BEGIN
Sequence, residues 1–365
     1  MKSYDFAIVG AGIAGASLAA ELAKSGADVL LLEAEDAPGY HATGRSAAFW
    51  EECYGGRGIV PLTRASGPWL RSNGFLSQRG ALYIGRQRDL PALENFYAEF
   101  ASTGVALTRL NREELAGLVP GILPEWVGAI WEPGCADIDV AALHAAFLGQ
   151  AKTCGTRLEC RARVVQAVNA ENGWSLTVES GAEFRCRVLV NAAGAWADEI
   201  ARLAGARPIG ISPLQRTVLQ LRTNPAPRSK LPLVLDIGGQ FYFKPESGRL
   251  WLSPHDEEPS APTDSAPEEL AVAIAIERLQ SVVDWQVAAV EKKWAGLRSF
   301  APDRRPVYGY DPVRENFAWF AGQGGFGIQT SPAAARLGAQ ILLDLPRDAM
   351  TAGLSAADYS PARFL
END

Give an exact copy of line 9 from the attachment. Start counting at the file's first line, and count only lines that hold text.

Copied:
   351  TAGLSAADYS PARFL